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Imam v. Cumberland County, NC

United States District Court, E.D. North Carolina, Western Division

November 6, 2019

MOHAMMED IMAM, Plaintiff,
v.
CUMBERLAND COUNTY, NC, Defendant.

          ORDER

          TERRENCE W. BOYLE CHIEF UNITED STATES DISTRICT JUDGE.

         This cause comes before the Court on defendant's motion for summary judgment. [DE 22], For the reasons discussed below, defendant's motion [DE 22] is DENIED.

         BACKGROUND

         In 2002, plaintiff began employment in defendant's Information Services Technology Department ("IT department"). DE 27-2, ¶ 1. As a Systems Programmer, plaintiff was responsible for back-end system-related functions for defendant's mainframe server, making sure server applications ran properly. DE 27-1, ¶ 5. Plaintiff was able to perform his tasks remotely, and as a result, he often telecommuted from his home in Raleigh, North Carolina. Id. ¶¶ 9-11.

         In March 2016, plaintiff met with his immediate supervisor to discuss an IT modernization plan that would move applications off the mainframe. DE 27-2, ¶ 3.

         On August 11, 2016, plaintiffs physician, Dr. David Adams, diagnosed him with deep vein thrombosis ("DVT") in his right leg. Id. ¶ 5. On August 16, 2016, Dr. Adams sent defendant a letter stating that plaintiff had been diagnosed with DVT and requesting that plaintiff be permitted to work from home for two weeks until the blood clot in his leg stabilized. DE 27-1, ¶ 19. Defendant granted plaintiffs request. Id. ¶ 21.

         On September 6, 2016-following the conclusion of Dr. Adams's telecommuting request-defendant proposed a modification to defendant's job description, adding "operational duties." Id. ¶¶ 29-30. Operational duties could not be performed remotely, but only required about one or two hours of work each day to complete. Id. ¶¶ 24, 26. This was the first time defendant told plaintiff of his new responsibilities. Id. ¶ 30. At the time of the proposed modification, two Cumberland County employees were responsible for the operational duties, and there were other employees trained on how to complete them. Id. ¶ 27-29. Plaintiff refused to accept the new responsibilities because of his workload and DVT. Id. ¶ 31.

         On September 15, Dr. Adams sent another letter to defendant advising that plaintiffs DVT had additional complications and requesting that defendant permit plaintiff to telecommute for an additional two to three months. Id. ¶ 32. Defendant refused this request, indicating that plaintiffs new job functions required him to work on-site daily. Id. ¶ 33.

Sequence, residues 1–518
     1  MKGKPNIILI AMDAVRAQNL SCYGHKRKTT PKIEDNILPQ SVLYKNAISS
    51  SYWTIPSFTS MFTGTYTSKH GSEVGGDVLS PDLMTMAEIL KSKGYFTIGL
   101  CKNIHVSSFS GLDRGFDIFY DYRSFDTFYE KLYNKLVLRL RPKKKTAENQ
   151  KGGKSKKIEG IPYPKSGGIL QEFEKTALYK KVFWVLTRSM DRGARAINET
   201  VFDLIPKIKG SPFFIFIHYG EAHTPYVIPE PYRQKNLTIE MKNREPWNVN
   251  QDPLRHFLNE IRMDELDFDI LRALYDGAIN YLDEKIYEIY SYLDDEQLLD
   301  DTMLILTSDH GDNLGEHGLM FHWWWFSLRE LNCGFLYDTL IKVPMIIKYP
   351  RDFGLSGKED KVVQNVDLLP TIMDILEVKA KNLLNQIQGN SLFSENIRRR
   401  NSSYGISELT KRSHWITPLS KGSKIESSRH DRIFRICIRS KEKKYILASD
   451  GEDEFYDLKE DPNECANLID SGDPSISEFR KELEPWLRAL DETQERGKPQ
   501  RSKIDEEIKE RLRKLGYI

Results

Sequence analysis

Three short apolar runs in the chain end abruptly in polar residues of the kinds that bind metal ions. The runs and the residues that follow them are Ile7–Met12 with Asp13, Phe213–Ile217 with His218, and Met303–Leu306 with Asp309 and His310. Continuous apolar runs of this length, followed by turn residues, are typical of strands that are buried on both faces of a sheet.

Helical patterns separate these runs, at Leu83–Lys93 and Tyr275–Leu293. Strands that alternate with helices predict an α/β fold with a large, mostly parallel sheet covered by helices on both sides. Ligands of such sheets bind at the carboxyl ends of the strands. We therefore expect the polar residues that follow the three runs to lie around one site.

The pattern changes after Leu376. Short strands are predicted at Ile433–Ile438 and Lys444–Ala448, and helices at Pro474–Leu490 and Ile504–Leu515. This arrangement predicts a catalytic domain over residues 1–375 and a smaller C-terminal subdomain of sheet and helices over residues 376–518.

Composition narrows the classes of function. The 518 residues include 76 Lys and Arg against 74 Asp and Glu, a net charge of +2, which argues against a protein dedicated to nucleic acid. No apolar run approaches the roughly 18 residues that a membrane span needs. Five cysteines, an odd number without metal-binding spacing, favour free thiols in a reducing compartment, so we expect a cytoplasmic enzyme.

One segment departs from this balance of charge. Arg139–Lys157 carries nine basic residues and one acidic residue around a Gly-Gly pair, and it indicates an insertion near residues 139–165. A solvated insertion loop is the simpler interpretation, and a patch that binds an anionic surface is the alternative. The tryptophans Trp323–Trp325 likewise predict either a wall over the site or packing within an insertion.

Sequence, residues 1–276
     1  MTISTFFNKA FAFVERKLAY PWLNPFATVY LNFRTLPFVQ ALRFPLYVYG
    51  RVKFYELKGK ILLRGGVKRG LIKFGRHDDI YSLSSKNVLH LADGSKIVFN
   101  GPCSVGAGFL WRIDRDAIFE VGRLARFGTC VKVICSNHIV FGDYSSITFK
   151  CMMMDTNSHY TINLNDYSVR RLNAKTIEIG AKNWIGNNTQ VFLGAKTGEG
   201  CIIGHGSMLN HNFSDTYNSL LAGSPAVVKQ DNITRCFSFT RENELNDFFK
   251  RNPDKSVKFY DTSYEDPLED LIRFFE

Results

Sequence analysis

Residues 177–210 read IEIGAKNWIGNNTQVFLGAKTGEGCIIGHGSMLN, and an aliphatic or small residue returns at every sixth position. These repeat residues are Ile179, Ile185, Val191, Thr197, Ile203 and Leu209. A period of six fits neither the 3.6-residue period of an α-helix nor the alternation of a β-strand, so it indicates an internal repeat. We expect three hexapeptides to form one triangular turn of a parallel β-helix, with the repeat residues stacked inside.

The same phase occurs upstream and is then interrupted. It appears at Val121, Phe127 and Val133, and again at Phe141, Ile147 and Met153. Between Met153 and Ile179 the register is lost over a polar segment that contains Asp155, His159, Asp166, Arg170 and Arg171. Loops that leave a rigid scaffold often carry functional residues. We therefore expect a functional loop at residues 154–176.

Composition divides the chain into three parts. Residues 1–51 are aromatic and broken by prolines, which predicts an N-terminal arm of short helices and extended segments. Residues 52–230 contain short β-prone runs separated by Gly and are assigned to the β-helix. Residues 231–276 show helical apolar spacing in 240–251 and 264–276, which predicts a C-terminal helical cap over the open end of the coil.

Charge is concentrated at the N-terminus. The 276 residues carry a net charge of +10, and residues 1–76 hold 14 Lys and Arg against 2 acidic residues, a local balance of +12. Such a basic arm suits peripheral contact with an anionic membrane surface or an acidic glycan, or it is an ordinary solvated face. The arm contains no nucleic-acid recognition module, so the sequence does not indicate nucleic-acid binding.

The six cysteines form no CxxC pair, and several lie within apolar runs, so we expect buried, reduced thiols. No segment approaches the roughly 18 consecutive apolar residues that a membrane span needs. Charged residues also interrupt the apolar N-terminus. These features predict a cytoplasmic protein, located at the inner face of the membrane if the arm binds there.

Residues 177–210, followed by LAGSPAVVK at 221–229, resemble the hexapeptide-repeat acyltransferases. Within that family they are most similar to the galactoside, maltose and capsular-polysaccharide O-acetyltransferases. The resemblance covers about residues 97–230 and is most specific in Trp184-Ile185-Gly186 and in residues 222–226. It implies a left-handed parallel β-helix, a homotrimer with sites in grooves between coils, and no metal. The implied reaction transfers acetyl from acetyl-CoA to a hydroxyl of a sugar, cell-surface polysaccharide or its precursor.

On October 20, plaintiff met with his supervisors and human resources personnel to discuss the operational duties and his objections to them. Id. ¶ 34. On October 24, defendant again denied plaintiffs request that he work remotely because of the operational duties, which defendant indicated comprised 30% of his duties. Id. ¶¶ 34, 35. Defendant's IT director informed plaintiff that he was expected to report to work on November 3. Id. ¶ 36. After plaintiff failed to do so, a pre-disciplinary conference was held on November 9, and plaintiff was terminated on November 14. DE 27-2, ¶24.

         Following plaintiffs termination, the employees who had been performing the operational duties continued to do so for an additional six months, at which point the duties transitioned to two other employees already on staff. DE 27-1, ¶ 38.

         In December 2017, plaintiff brought claims for discrimination and retaliation under the Americans with Disabilities Act (ADA), 42 U.S.C. § 12101, et seq. DE 1. The Court denied defendant's motion to dismiss under Rule 12(b)(6) in October 2018. Discovery ended on June 28, 2019. Defendant now moves for summary judgment. DE 22.

         DISCUSSION

         Summary Judgment

         A motion for summary judgment may not be granted unless there are no genuine issues of material fact and the movant is entitled to judgment as a matter of law. Fed.R.Civ.P. 56(a). The moving party bears the initial burden of demonstrating the absence of a genuine issue of material fact. Celotex Corp. v. Catrett,477 U.S. 317, 323 (1986). If that burden has been met, the non-moving party must then come forward and establish the specific material facts ...


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